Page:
Saturday, December 30, 2017

My New Year Resolution: Don't Panic, Be Realistic, Keep Fit

See other 100 year old post cards by "F S"
I am currently making plans for 2018 as I clearly did not get as much done in 2017 as I had hoped. My Must do list is as follows:
  1. Don't Panic - I don't have time to put the world to rights - and if I get depressed about things I can't control I will achieve nothing.
  2. Be realistic - as I am almost 80 and old age has a limiting effect on what can be done.
  3. Keep fit - both mentally and physically so that I am in a position to do what needs to be done

That's it. There is no long list of specific tasks which are awaiting action - as such a list would be so long that I would panic at its size, I would fail by unrealistically trying to take on an impossible work load, and I would make myself too ill to achieve anything useful.

So I intend to relax, enjoy life, and do no more that I can comfortably do ....

Monday, December 18, 2017

Book: A Place in the Country: Three Counties Asylum 1860-1999

I few months ago I mentioned that this book had been published, and having now read and enjoyed it I have published a review on the main web site.

Booklet: Ashridge in World War II

During the Second World War troops were camped in the woods of the Ashridge Estate and a hospital was opened at Ashridge. This little booklet, Ashridge in World War II is based on the memories of people who knew Ashridge during the war and gives details of the regiments that were billeted there. The hospital not only took casualties from Dunkirk but also victims from the German bombing raids. In addition many women from London were taken there just before they were due, and some 3000 births were recorded there between 1940 and 1946.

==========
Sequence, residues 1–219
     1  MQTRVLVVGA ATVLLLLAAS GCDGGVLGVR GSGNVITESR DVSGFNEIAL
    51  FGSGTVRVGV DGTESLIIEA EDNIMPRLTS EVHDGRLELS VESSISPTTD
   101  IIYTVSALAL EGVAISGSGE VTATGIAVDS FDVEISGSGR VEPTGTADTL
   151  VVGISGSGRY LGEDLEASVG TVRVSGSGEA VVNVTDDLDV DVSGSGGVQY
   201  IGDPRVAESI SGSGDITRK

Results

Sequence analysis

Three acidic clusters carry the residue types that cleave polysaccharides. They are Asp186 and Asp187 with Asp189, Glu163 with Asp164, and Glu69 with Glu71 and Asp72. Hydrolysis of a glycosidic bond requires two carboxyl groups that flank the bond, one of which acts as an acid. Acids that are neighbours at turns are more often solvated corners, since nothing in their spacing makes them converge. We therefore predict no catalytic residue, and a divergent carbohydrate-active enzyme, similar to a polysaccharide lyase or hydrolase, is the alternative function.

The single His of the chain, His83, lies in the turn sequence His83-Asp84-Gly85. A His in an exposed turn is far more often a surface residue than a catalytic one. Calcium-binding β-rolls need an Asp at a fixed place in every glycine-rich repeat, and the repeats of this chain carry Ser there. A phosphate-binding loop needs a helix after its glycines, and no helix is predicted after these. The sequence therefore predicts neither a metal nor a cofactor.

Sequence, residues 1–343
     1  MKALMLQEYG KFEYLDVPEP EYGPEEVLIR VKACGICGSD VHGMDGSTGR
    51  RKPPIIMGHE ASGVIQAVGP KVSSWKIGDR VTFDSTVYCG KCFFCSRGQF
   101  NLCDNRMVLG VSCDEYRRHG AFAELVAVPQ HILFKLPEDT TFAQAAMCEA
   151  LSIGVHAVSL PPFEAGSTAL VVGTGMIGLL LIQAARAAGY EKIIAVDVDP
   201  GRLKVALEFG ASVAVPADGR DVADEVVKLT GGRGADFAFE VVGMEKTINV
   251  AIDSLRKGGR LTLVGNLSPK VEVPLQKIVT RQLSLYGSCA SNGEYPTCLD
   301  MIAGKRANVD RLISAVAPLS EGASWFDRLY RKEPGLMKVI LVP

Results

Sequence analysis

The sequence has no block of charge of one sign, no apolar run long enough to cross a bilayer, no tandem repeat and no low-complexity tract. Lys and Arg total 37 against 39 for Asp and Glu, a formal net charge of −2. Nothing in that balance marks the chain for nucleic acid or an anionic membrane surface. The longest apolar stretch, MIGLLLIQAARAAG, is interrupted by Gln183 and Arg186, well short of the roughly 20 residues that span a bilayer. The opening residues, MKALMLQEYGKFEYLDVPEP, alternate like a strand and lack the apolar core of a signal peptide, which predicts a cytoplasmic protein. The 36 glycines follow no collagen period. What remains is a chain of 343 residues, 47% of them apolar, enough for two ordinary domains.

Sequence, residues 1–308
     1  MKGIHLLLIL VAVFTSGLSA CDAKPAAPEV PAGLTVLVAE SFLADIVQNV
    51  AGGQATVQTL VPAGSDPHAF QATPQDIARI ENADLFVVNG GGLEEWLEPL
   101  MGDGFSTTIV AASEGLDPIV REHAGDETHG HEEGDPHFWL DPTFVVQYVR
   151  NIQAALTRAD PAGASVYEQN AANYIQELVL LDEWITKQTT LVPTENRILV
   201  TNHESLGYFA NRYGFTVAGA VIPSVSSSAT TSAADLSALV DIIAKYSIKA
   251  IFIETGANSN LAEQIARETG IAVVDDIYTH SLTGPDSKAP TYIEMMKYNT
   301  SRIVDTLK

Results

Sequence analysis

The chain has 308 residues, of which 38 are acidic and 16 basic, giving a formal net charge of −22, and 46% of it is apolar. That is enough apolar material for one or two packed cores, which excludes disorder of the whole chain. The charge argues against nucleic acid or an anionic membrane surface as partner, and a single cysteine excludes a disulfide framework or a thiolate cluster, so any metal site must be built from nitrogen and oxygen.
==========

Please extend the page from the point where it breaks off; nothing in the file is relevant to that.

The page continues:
While this delightful little booklet was published in 2009/10 I noticed that copies were still for sale at the National Trust shop at Ashridge a few months ago. 

More Information about Ashridge

Sunday, December 17, 2017

Booklet: The Story of Harpenden from Village to Town

There are already a good number of books about Harpenden, including booklets produced by the Harpenden & District Local History Society. The recently published booklet by Jean Gardner is an ideal introduction to the history of the town. 

It typically covers the main areas of interest with about a page of text and a small illustration, and there are two good maps.  Topics covered include the coming of the railways, early schooling, John Bennet Lawes and Rothamsted, the growth of the town, the churches, the world wars, and entertainment. It ends with a very useful bibliography. 

If you are just visiting the town, or have just discovered your ancestor came from Harpenden, this booklet will be a good place to start looking into the town's history.

Available from the Society

More about Harpenden

Book: Pitstone Windmill: The Rescue of an Ancient Landmark

Pitstone Windmill is now managed by the National Trust and is of interest because there were many similar post mills in Hertfordshire. David Wray and Roger Hillier's book, Pitstone Windmill, published in 2016, describes the history and restoration of the mill in detail - and also contains an excellent illustrated account of how an ancient post mill worked.